A stretchy wrap is a great starting point for carrying your preemie in a hands free way. Made of very soft and stretchy fabric, you tie the stretchy around you at the start of the day. Then pop baby in and out as needed to accommodate for nappy changes and feeds.
A number of stretchy wraps, such as Lifft and Izmi, are weight tested for babies of 5.5lbs and 5lbs receptively. Although most lighter weight two way stretchy wraps could be used safely at this weight or even below with the advice of a babywearing consultant.
Using a stretchy wrap is the nearest I have ever felt to giving my baby a cuddle, without having to use my arms!
Some brands of stretchy only stretch in one direction, and can be wide and heavy. This makes it difficult to get the correct snugness for your baby, which is important for safety.
The Close Caboo is similar to a Stretchy wrap, but is pre-sewn in to shape. It’s lower weight limit is 5lbs.
A ring sling is a length of fabric, with two rings sewn in to one end. You thread the fabric through the rings, then create a pouch that is the correct size for your baby. These can be used with smaller babies, although again I would recommend getting the advice of a babywearing consultant to make sure that you are comfortable, confident and safe with carrying your preemie.
Buckle carriers vary massively in the size and weight requirements, for smaller babies you will be more limited on your choices. Please don’t be tempted to carry your baby in a carrier that they are too small for, either weight or size wise, as this could be a safety risk, in terms of baby’s breathing, and the risk of falls.
The Izmi carrier is a lovely example of a carrier which can accommodate from as low as 7lb, while other options go from around 7.5 lbs. The length of your baby is also important as a light but long baby may fit a certain carrier better than a heavier but shorter baby.
Please steer clear of the cheap carriers you may seen in supermarkets. They lack the adjustability to be able to accommodate smaller babies safely, often carrying them too low and loose. They are also less comfortable for both baby and carrying adult.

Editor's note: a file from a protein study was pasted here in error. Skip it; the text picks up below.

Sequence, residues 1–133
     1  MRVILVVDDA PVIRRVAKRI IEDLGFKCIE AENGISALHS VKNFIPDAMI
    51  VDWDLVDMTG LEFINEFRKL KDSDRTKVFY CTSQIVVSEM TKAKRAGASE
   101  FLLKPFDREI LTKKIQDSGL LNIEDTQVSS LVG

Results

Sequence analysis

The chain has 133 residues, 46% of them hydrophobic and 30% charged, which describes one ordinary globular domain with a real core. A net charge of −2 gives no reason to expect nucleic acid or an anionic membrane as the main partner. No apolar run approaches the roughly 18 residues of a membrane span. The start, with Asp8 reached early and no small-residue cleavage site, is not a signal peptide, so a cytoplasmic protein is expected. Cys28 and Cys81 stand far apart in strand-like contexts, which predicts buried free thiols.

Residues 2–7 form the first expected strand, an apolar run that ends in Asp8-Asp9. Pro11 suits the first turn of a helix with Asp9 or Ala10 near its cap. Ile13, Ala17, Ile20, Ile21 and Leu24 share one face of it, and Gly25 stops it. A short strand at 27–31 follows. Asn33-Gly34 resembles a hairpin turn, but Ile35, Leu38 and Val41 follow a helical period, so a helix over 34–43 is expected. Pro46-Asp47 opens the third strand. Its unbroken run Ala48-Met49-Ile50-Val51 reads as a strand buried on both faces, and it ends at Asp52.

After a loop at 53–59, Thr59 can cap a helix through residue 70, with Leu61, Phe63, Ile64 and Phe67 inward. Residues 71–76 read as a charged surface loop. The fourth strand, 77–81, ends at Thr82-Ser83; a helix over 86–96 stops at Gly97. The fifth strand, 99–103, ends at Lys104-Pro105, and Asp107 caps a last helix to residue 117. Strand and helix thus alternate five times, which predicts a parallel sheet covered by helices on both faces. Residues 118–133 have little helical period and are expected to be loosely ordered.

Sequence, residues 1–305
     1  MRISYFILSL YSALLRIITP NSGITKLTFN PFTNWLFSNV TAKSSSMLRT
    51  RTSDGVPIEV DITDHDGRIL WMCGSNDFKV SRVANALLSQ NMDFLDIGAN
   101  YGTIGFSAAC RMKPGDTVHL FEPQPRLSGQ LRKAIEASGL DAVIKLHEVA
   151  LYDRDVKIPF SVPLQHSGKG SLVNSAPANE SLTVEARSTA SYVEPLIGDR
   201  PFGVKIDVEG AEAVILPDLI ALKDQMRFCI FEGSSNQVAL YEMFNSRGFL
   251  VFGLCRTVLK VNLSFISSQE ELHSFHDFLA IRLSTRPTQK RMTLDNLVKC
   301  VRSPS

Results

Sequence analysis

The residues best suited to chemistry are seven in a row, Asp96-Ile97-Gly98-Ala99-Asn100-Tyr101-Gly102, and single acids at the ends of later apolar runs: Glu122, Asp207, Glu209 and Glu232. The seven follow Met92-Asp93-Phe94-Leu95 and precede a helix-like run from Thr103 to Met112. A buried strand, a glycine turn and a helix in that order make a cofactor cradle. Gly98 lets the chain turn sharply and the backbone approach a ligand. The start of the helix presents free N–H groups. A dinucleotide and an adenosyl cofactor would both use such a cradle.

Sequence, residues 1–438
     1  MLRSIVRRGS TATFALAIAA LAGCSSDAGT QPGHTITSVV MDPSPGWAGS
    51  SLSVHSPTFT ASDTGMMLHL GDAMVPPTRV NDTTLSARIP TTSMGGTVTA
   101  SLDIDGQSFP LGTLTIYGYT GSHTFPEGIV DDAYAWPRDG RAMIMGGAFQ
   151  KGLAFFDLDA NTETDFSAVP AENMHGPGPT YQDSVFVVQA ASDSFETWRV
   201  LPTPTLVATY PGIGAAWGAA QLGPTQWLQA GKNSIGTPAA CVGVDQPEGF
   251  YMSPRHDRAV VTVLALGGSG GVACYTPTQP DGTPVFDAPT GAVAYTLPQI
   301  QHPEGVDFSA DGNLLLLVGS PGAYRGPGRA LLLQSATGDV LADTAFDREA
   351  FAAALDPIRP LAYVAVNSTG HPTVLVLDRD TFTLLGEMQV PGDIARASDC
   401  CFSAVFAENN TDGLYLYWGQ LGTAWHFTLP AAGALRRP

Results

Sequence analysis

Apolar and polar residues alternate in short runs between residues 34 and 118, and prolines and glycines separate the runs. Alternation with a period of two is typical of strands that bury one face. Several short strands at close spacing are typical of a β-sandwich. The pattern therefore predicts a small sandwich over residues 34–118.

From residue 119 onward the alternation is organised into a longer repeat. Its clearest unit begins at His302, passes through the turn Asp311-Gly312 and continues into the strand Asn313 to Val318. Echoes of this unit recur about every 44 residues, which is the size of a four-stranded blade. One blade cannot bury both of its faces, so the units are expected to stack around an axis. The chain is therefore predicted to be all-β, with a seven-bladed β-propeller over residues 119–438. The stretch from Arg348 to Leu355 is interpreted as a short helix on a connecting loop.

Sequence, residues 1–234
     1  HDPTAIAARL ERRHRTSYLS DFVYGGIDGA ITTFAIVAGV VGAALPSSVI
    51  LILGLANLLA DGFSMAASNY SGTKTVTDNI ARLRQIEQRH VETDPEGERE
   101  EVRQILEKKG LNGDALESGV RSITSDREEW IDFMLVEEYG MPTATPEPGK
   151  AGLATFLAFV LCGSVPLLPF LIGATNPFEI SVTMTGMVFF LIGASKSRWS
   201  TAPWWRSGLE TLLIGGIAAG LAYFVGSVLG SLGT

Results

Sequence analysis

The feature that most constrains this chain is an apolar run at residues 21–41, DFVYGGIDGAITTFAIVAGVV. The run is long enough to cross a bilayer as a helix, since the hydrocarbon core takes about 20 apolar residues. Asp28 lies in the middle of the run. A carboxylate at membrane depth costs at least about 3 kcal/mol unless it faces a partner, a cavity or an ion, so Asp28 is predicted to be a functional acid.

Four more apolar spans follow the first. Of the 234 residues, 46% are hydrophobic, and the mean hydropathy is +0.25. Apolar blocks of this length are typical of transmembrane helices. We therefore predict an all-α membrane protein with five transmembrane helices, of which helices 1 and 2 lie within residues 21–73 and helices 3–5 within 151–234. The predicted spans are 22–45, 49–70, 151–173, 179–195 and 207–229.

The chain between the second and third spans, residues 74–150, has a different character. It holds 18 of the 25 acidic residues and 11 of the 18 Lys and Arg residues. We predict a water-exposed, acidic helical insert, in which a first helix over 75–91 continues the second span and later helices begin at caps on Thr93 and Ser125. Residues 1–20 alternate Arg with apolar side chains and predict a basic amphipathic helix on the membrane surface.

Getting help and support with your sling
Your local Babywearing Consultant (also known as a Sling Consultant) makes a great first point of call when it comes to carrying your preemie. They have specific training in helping you to find the best way for you carrying your preemie confidently, comfortably and above all safely. They’ve experience in helping families with specific needs, and can go outside of the Manufacturer’s guidelines for a sling or carrier when it is safe to do so. They may offer home visits, video consultations or they may have their own workspace where you can visit them.
You may also be able to get support at your local Sling Library, although be aware that the people assisting you may have different levels of training and may only be able to support you in specific ways.
You can find your local Babywearing Consultant or Sling Library at http://www.slingpages.co.uk/
Ruth Grint is a Babywearing Consultant based in the Wirral, but helps families all over the UK to find a sling that they love. She offers one to one consultations by video call and in person, and also retails a range of slings, wraps and carriers from quality brands.
Did you see…
Our recent blog on World Prematurity Day?
Also did you see that our NICU diaries are now available on Amazon! There are 5 diaries to choose from: